In this issue, we offer a look into the IT security threats looming on the horizon for next year through an exclusive interview with Steve Durbin, global vice president of the not-for-profit Information Security Forum.
In a number of recent data breaches, the entry point for the hackers was through a third party vendor. FierceITSecurity recently sat down with Steve Durbin, global vice president of the non-for-profit Information Security Forum, to discuss third party security and other security challenges that will confont IT security teams in the coming year.
As businesses continue to move toward a more mobile-centric workflow, many CIOs will be forced to adapt or run the risk of losing their job. Re search from Forrester commissioned by data protection specialist Druva predicted that 20 percent of CIOs in regulated industries would be fired by 2016 if they did not institute a sound information governance policy.
Those involved in IT security are acutely aware that as the number of nodes in a network of intelligent devices--Internet of Things (IoT), for instance--rises, so do the number of potential vectors for attacking that system. Thus, there is increasing concern that IoT's value propositions go hand-in-hand with vulnerabilities that could threaten the enterprises employing them, argues Greg Shannon with the IEEE and Carnegie Mellon.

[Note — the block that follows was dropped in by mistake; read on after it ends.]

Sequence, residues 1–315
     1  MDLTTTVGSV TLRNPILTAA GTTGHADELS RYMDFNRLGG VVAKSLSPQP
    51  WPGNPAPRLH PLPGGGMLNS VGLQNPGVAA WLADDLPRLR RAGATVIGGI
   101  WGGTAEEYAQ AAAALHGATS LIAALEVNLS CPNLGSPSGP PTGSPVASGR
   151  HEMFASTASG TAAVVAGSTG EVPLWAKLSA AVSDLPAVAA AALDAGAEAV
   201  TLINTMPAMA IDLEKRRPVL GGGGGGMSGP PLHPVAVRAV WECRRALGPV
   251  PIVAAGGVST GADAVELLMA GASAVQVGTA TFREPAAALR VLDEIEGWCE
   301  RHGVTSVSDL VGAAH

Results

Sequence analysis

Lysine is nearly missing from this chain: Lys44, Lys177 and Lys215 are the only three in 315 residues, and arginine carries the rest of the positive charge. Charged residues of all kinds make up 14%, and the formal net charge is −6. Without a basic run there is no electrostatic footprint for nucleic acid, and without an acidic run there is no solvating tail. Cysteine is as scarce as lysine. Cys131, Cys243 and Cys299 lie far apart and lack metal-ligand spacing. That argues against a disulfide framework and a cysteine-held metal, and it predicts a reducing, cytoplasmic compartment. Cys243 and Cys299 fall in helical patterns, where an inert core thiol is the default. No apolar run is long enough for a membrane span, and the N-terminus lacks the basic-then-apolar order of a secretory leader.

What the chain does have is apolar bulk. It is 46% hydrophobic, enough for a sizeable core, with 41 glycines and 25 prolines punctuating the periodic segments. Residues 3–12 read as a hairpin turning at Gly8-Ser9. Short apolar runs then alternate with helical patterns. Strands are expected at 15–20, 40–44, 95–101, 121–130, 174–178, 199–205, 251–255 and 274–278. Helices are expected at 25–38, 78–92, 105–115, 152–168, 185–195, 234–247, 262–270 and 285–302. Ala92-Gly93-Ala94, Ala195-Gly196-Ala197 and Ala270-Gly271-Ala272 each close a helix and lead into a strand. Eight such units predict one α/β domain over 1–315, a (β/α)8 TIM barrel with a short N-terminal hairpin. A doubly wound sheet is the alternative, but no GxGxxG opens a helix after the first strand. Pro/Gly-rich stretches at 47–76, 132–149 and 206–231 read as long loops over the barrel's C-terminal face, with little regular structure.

The internet will become the corporate network perimeter, predicts Paul Lipman, CEO of cloud security service provider iSheriff.
This year has been a record year for data breaches. But what does next year hold for the IT security industry?
The top three technology areas where enterprises are investing are mobile security/mobile device management, BYOD policy development and mobilizing business apps, according to Joe Pappano, president of IBM's MDM firm MaaS360 by Fiberlink.
Two-thirds of large enterprises believe that mobile devices are the weakest link in their security framework, according to a survey by Loudhouse Research on behalf of enterprise mobility firm BlackBerry.
WhatsApp, the popular messaging service acquired by Facebook for $22 billion, has added end-to-end encryption for some mobile users, reports Threatpost.
The "Masque" attack could replace legitimate iOS apps with malware-laden apps, resulting in possible theft of passwords, emails and other sensitive data, warns security firm FireEye.